Gingrich won’t even spend time in Iowa, so I can’t imagine how he’s going to hold on against candidates who are betting their campaigns on the caucuses.

If this trend continues, you’ll see Santorum, Perry or Bachmann possibly get into the top three, so this race is still very fluid. Romney benefits from having the anti-Romney vote split up. The Iowa vote often breaks late, so anything can happen here.

Rick Santorum’s bizarre views about sex hold back his campaign

Former U.S. Senator Rick Santorum (R-PA) speaks to delegates during the Republican Party of Florida Presidency 5 Convention in Orlando, Florida September 24, 2011. REUTERS/Phelan Ebenhack (UNITED STATES – Tags: POLITICS ELECTIONS)

Rick Santorum is notorious for his comments about gay marriage and homosexuals. But his strict Catholic upbringing leads him to comment about sex quite often, and he seems intent on imposing his views on everyone else.

We’ll repeal Obamacare and get rid any idea that you have to have abortion coverage or contraceptive coverage. One of the things that I will talk about that no president has talked about before is I think the dangers of contraception in this country, the sexual liberty idea and many in the Christian faith have said, you know contraception is OK. It’s not OK because it’s a license to do things in a sexual realm that is counter to how things are supposed to be.

Really? Now he has a problem with contraception?

With the collapse of Rick Perry and the incomprehensible abortion comments from Herman Cain, I thought there might be room for a conservative like Santorum to emerge as one of the anti-Romney candidates. But Rick Santorum’s obsession with sexual issues keeps holding him back. He also seems clueless that these views might hinder his campaign.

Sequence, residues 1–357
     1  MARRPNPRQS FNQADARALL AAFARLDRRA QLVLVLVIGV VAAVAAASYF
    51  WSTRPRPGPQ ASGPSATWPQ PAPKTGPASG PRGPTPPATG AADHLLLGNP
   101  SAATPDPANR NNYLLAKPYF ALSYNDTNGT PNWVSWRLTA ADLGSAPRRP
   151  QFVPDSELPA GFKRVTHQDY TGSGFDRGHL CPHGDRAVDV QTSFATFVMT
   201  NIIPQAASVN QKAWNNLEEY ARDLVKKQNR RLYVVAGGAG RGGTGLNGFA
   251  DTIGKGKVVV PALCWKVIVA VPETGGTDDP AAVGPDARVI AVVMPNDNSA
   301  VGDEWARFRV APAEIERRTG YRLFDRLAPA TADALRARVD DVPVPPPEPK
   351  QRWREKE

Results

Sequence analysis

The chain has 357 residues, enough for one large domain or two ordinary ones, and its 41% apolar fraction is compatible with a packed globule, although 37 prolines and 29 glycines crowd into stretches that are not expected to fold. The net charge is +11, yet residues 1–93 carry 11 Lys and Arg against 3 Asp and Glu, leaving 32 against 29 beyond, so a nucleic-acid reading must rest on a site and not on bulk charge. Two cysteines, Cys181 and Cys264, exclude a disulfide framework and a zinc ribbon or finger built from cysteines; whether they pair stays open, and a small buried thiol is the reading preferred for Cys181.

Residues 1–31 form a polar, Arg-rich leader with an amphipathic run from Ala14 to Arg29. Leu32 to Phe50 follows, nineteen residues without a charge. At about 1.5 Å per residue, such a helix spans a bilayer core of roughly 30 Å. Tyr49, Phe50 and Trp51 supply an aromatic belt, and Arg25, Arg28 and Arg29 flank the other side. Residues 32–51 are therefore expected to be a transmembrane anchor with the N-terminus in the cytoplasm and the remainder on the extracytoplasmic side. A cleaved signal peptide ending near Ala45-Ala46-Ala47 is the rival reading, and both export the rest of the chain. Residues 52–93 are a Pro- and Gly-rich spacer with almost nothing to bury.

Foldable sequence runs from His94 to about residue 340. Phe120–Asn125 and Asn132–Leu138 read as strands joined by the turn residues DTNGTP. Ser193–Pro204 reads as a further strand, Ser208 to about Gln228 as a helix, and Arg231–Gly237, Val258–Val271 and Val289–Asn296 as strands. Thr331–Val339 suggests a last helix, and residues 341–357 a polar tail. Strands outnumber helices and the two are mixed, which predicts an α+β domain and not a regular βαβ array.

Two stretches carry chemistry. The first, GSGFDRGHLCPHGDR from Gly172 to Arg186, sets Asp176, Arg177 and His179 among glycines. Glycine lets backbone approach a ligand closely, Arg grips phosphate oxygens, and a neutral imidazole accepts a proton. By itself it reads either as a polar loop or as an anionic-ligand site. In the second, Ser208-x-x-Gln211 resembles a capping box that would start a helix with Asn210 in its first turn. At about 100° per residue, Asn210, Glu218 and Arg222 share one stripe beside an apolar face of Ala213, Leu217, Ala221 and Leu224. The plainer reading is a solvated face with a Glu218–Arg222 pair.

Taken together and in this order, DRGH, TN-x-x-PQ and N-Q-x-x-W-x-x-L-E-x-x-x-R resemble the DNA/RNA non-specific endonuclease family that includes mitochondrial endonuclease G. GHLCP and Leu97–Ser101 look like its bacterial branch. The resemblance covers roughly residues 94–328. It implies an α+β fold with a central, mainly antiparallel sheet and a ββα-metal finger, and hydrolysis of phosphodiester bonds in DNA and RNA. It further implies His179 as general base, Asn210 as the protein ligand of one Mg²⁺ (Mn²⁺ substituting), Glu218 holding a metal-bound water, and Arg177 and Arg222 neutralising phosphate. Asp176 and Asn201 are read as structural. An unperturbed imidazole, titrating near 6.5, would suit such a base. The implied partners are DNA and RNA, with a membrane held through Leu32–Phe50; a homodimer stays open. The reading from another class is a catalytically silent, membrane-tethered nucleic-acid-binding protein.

He’s certainly entitled to his opinion, and many believe that the sexual revolution has been a bad thing for our culture (I don’t), but he seems intent on turning the clock back. As a result, the only thing he’s really running for is a commentator position on Fox News.

Hopefully I’m wrong, as Santorum would be one of the easiest Republicans for President Obama to defeat in 2012 if he somehow snagged the nomination.

Herman Cain is clueless on abortion

GOP voters will be very interested in this video.

Herman Cain’s stated position on abortion is that he’s pro-life, even in cases of rape and incest. Yet when pressed in this video, he goes on to state that it’s up to each family and the government can’t get involved in the decision. Of course that’s a libertarian, pro-choice position.

Does he even understand the difference? Cain has embraced his own ignorance of issues relating to foreign policy, and apparently that ignorance extends to social issues as well.

This present a huge opening for candidates like Rick Perry and Rick Santorum. Rasmussen now has Cain leading in Iowa. Can that last with statements like this? Can he keep his Tea Party support?

Battle of the Ricks – Santorum blasts Perry

U.S. Senator Rick Santorum (R-PA) speaks during the Republican Leadership Conference in New Orleans, Louisiana June 17, 2011. REUTERS/Sean Gardner (UNITED STATES – Tags: POLITICS)

Rick Santorum is a longshot candidate in the GOP field, but in Iowa he’s gaining a little traction with his far-right views on social issues. Rick Perry complicates Santorum’s strategy, as the field is now even more crowded with Christianist candidates, so Santorum is not being shy about taking on Perry. He jumped on Perry’s outrageous comments about Ben Bernanke:

RCK SANTORUM: Gov. Perry steps into the race and he stepped on it a couple of times already. Washington DC is not Austin and my sense is that he’s gonna have a pretty good learning curve, not just on what it means to run a national campaign and have the scrutiny of the national media that he didn’t have in Texas—

JOHN KING: What do you mean by he stepped on it?

SANTORUM: Well his comments about Ben Bernanke, they were completely out of bounds. I don’t agree with Ben Bernanke’s policies… but to me the rhetoric that Rick Perry used was sort of the rhetoric I would expect from a John Conyers, talking about President Bush and saying he should be impeached. We don’t do that. We don’t impeach people, we don’t charge people with treason because we disagree with them on public policy. You might say that they’re wrong, you might say lots of things about how misguided they are, but you don’t up the ante to that type of rhetoric. It’s out of place, and hopefully Gov. Perry will step back and recognize that we’re not in Texas anymore.

It’s interesting to see the battle lines being drawn, and Perry is the prime target now that he’s getting all the buzz and good news in the polls.

CNN debate highlights from Jon Stewart

This is going to be a fun political season.